4 min read


Can Dogs Feel When You Cut Their Whiskers?



4 min read


Can Dogs Feel When You Cut Their Whiskers?


A dog's whiskers make up an important part of their appearance, giving our pooches the unique look we know and love. However, you may be surprised to learn that your dog's whiskers aren't just any old facial hair. In fact, they actually have special powers to help your pet explore and understand the world around them.

If you're wondering whether your dog will feel pain if you cut their whiskers, for example during grooming, the answer is no. But because they're linked to a wide range of nerves and blood vessels, whiskers are much more sensitive to being plucked, and unless there's any medical reason for them to be removed, they should be left intact.


Signs of Whisker Pain

Canine whiskers stick out from the side of the muzzle, jaw, and above the eyes. Depending on the breed, they might feature quite prominently on your dog's face or be lost in a sea of bushy fur, and you may notice that they're usually some of the first hairs to develop in young pups. However, one thing that all dogs do have in common is that their whiskers perform an important role.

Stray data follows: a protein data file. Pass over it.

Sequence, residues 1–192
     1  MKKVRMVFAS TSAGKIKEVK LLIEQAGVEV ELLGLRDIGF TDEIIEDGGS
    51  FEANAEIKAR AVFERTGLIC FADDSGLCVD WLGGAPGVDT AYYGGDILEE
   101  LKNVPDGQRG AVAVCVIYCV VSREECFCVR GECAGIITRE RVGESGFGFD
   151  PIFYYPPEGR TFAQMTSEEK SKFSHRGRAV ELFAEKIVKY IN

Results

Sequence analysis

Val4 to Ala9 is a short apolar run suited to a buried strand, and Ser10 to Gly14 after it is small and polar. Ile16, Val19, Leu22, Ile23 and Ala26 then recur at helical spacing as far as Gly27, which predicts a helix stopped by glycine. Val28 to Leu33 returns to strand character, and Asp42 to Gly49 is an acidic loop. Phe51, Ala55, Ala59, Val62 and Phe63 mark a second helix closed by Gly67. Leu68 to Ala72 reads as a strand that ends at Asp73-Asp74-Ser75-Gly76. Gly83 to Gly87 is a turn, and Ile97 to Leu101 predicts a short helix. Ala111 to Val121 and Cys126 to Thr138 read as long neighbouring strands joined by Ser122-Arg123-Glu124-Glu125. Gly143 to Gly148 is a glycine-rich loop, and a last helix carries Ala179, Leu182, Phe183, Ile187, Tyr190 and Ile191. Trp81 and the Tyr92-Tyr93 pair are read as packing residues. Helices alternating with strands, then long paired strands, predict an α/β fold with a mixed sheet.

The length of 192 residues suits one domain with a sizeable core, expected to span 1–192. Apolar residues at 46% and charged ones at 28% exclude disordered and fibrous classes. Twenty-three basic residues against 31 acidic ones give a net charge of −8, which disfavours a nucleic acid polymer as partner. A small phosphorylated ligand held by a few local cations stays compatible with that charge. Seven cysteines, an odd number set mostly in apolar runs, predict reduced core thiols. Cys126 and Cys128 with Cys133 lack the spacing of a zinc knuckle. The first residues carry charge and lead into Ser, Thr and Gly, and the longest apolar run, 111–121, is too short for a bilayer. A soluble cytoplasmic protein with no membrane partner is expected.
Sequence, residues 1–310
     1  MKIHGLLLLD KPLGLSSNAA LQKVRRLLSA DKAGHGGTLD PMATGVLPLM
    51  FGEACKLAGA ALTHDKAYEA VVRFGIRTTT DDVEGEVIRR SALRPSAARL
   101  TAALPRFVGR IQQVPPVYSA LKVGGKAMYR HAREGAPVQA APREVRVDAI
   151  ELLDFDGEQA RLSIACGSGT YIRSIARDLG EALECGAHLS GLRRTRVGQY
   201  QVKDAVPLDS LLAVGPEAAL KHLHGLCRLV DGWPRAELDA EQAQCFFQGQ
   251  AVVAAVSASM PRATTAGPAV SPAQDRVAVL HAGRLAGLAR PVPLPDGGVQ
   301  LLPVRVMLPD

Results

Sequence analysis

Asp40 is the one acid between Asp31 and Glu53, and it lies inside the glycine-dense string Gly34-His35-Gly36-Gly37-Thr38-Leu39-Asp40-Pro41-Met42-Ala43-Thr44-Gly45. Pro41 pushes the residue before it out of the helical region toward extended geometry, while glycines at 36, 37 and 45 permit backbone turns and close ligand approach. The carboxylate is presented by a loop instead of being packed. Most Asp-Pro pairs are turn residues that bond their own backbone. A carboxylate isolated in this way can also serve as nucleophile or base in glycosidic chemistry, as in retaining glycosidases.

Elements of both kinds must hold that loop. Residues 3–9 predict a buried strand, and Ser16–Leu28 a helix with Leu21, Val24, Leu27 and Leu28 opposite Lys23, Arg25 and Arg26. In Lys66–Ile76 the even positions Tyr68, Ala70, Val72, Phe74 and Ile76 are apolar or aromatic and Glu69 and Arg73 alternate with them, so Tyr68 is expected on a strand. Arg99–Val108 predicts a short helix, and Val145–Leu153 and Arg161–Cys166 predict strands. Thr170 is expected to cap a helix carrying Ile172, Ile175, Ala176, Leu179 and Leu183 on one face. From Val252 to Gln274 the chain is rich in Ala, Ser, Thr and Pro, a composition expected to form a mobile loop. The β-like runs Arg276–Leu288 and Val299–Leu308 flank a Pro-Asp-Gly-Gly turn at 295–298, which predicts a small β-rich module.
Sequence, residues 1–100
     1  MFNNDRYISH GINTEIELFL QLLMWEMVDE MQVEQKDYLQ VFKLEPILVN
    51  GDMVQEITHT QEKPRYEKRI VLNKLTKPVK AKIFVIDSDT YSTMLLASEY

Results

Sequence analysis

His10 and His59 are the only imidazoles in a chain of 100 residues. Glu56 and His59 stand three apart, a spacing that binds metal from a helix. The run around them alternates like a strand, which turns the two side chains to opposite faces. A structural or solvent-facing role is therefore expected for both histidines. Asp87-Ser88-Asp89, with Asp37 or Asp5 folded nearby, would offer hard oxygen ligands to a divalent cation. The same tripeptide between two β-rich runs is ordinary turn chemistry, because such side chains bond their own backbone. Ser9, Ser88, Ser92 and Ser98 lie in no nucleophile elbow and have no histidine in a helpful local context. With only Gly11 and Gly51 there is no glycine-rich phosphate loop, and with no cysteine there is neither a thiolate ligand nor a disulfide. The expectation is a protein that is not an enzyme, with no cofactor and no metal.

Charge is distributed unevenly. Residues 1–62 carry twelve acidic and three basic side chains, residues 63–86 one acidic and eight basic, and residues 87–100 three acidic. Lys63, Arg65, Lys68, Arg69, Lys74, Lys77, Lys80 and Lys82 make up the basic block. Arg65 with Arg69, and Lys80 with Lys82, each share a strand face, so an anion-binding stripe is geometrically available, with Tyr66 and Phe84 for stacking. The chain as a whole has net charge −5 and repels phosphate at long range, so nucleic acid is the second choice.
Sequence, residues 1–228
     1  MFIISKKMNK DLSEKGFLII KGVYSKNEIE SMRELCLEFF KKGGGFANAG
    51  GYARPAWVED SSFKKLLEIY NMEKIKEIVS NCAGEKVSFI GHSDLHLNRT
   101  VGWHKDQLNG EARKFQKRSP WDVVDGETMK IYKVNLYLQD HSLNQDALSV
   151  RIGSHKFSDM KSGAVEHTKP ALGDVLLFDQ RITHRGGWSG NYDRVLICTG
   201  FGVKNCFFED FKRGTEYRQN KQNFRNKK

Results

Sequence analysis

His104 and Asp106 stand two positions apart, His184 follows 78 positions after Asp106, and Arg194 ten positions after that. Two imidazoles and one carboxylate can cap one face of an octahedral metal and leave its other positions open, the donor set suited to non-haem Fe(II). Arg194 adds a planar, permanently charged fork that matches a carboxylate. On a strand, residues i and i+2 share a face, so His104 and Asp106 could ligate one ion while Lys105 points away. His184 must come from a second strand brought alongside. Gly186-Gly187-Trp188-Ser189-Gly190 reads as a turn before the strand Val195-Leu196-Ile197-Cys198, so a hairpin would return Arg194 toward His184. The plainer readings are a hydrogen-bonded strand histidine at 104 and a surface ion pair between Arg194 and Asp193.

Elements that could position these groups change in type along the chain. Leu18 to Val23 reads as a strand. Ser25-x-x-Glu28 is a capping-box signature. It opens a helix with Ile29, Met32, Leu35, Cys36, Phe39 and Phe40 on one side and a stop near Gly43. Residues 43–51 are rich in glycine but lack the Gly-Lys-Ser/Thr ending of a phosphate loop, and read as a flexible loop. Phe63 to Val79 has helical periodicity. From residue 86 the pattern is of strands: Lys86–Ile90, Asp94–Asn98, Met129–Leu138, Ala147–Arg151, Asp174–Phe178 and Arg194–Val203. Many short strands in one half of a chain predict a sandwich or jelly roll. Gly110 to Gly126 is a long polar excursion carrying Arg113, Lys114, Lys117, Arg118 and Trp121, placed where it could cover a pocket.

In fact, dog whiskers technically aren't whiskers at all but are actually known as vibrissae. Your dog relies on these highly sensitive tools to gather and analyze information about the world around them, which means you need to treat them a little differently to ordinary hairs.